During the vote count for the 2000 American presidential elections, many Lebanese would joke about Florida resembling Metn. Now the comparisons have come full circle.
Instead of waking up to the usual bland, early-morning election coverage of empty polling stations and low turnouts in the first half-hour of voting, the public was greeted first thing Sunday morning with a new directive by Interior Minister Elias Murr, namely use voting curtains at your own risk.
To get a feel for the election, this reporter visited a polling station in Broummana, and the first indication that a real race might be in the works came upon seeing activists from the National Liberal Party and the Free Patriotic Movement.
Campaign volunteers who wore T-shirts bearing Michel Aoun’s likeness and brandishing red, white and gold NLP flags were working enthusiastically and lending their weight to Gabriel Murr’s campaign.
Photos of Gabriel Murr were everywhere in sight, and after a weeks of failed attempts at a “compromise candidate,” posters of fellow candidate Ghassan Mokheiber gradually spread out over Metn in only the last few days of the race.
The last 24 hours before election day involved a frantic effort to pass out pamphlets, judging by Metn roads that were littered with white scraps of paper promoting Mokheiber.
But the eventual, unannounced “winner” of the race, Myrna Murr, was nowhere to be found instead, rows of taxis lining the roads in Broummana featured posters of her father, MP and former Interior Minister Michel Murr, whose election machine was running the show.
Despite the tension in the run-up to the election, calm prevailed at one of Broummana’s main polling stations, where the infamous Elias Murr directive on optional private voting appeared to be largely ignored.
Polling station officials would gesture toward the curtain as voters picked up their ballots, apparently disregarding the entire fuss.
Outside the station, the mayor of Broummana, Pierre Ashqar, stood casually and chatted with voters.
Asked about Elias Murr’s allegations that his uncle Gabriel was involved in bribery, Ashqar shrugged and said: “I haven’t heard anything about that.”
But down the road, in a small village called Nabay, Metn’s reputation did not disappoint.
The polling station, set up in a church hall, seemed more interesting, particularly when a Gabriel Murr delegate, asked about how the election was going, whispered “later, later.”
A Myrna Murr campaign del-
egate stood at the ballot box, draping her arms around a cluster of voters gathered there.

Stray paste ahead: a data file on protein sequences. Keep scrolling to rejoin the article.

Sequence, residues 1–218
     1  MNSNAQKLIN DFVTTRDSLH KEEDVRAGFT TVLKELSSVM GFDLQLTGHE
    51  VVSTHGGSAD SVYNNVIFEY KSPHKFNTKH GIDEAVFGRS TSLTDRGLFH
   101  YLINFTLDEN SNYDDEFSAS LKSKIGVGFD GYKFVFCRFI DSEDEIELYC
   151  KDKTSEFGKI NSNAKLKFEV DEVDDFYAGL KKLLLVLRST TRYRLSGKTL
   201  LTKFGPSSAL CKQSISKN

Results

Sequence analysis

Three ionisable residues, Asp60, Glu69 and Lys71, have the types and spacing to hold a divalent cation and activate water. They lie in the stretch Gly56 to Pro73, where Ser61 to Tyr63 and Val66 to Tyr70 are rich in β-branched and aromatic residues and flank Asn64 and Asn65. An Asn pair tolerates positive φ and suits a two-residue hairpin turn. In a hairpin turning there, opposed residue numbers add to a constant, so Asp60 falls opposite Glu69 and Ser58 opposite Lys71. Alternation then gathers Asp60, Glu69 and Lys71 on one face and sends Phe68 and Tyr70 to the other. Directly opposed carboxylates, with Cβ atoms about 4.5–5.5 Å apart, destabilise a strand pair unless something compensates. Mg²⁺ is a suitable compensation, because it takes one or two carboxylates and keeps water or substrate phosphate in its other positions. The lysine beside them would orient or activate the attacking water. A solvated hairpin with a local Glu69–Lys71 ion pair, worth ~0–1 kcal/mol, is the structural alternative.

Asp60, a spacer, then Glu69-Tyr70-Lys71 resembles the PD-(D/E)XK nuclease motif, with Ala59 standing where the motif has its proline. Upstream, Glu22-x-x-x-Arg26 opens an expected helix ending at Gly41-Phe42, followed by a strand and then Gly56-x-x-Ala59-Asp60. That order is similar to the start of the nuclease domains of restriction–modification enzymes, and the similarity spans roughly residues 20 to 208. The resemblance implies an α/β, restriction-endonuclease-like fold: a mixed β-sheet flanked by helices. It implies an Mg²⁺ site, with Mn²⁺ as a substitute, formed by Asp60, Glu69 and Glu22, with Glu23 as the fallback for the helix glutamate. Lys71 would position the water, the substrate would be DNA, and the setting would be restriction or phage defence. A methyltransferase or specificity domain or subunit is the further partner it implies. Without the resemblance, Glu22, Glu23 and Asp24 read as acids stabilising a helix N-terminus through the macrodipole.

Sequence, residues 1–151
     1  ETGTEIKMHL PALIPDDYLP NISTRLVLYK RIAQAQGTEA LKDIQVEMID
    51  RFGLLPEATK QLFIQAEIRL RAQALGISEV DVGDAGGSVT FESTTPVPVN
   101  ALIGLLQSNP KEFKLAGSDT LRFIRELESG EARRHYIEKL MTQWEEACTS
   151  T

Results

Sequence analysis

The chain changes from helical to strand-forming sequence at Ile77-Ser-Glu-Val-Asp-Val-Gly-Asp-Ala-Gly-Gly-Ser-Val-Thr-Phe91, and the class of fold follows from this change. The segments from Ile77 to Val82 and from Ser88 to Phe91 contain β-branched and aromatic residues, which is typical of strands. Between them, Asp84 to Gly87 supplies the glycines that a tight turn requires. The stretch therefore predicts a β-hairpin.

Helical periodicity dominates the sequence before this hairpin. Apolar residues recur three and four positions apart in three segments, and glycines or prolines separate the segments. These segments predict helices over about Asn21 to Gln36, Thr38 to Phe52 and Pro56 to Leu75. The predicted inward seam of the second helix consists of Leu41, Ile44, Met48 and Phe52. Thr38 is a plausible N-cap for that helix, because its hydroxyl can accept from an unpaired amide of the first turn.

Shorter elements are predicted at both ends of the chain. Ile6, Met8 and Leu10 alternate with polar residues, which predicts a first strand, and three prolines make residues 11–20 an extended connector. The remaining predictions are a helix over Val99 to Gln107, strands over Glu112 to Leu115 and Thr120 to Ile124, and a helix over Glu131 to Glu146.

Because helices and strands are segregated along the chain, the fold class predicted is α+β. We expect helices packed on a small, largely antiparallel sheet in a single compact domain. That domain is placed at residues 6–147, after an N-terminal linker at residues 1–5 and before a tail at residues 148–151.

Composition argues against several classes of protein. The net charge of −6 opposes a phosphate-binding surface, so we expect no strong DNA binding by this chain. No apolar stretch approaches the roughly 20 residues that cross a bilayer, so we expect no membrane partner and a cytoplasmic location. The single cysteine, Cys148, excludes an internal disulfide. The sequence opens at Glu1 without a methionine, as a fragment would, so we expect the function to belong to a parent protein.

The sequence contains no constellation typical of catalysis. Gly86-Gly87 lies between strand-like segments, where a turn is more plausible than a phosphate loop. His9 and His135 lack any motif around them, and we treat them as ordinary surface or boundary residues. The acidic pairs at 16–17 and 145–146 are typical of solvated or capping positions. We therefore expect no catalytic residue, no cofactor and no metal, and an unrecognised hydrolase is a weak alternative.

When the polling station official was asked whether this was legal, he answered “of course not” and tried to shoo away the delegate, who took offense.
“I’m obliged to do this,” she complained in response. “These are the orders.”
A man then intervened to inquire about the need for such intrusive questions.
Asked who he was, “the mayor” was the confident reply.
Both the mayor whose name I later learned was Abboud Atallah and the Internal Security Forces officer who kicked me out of the polling station declined to identify themselves.
The ISF officer informed of yet another new directive, namely that journalists had only five minutes to do their jobs inside polling stations and could not take statements from polling station officials, whom thousands of Lebanese watching television were getting to know throughout the day.
In Bourj Hammoud, the Tashnak Party machine was in usual form, processing thousands of voters’ papers and sending them to the correct polling stations.
People were chatting about whether the infamous Raffi Madoyan would make another appearance, like in 2000, when he was assaulted by pro-Tashnak activists.
But election-day incidents in Bourj Hammoud remained minor, and many voters were observed using the curtain. While the security presence was high, the presence of lunch trays provided by the Gabriel Murr campaign inside army vehicles seemed to hint that no civil war was about to break out.
Election addicts got their fix from television throughout the day, watching the standard coverage of voters bussed in from the Bekaa and declaring their loyalties to the cameras sometimes Michel Murr and occasionally Gabriel Murr before being straightened out and coming up with the name of Myrna.
Then the long election day turned into night, and the dueling “victory speeches” by the Gabriel and Myrna camps were only a prelude to televised coverage mainly on MTV that stretched past 4.30am.
A quick flip over to MTV’s satellite station confirmed that yes, the images of army troops stationed at the Jdeideh Serail were indeed being beamed out to anyone outside Lebanon who was interested.
Metn MP Nassib Lahoud and various others informed the public that Hemlaya would now join Dade County, Florida, in the history books for people who might have an interest in the idea that every vote counts in an election, like Lionel Jospin.
The only remaining election detail to delve into might involve ascertaining the name of the person who apparently forgot to sign his name, after 71,276 people apparently had no problem doing so.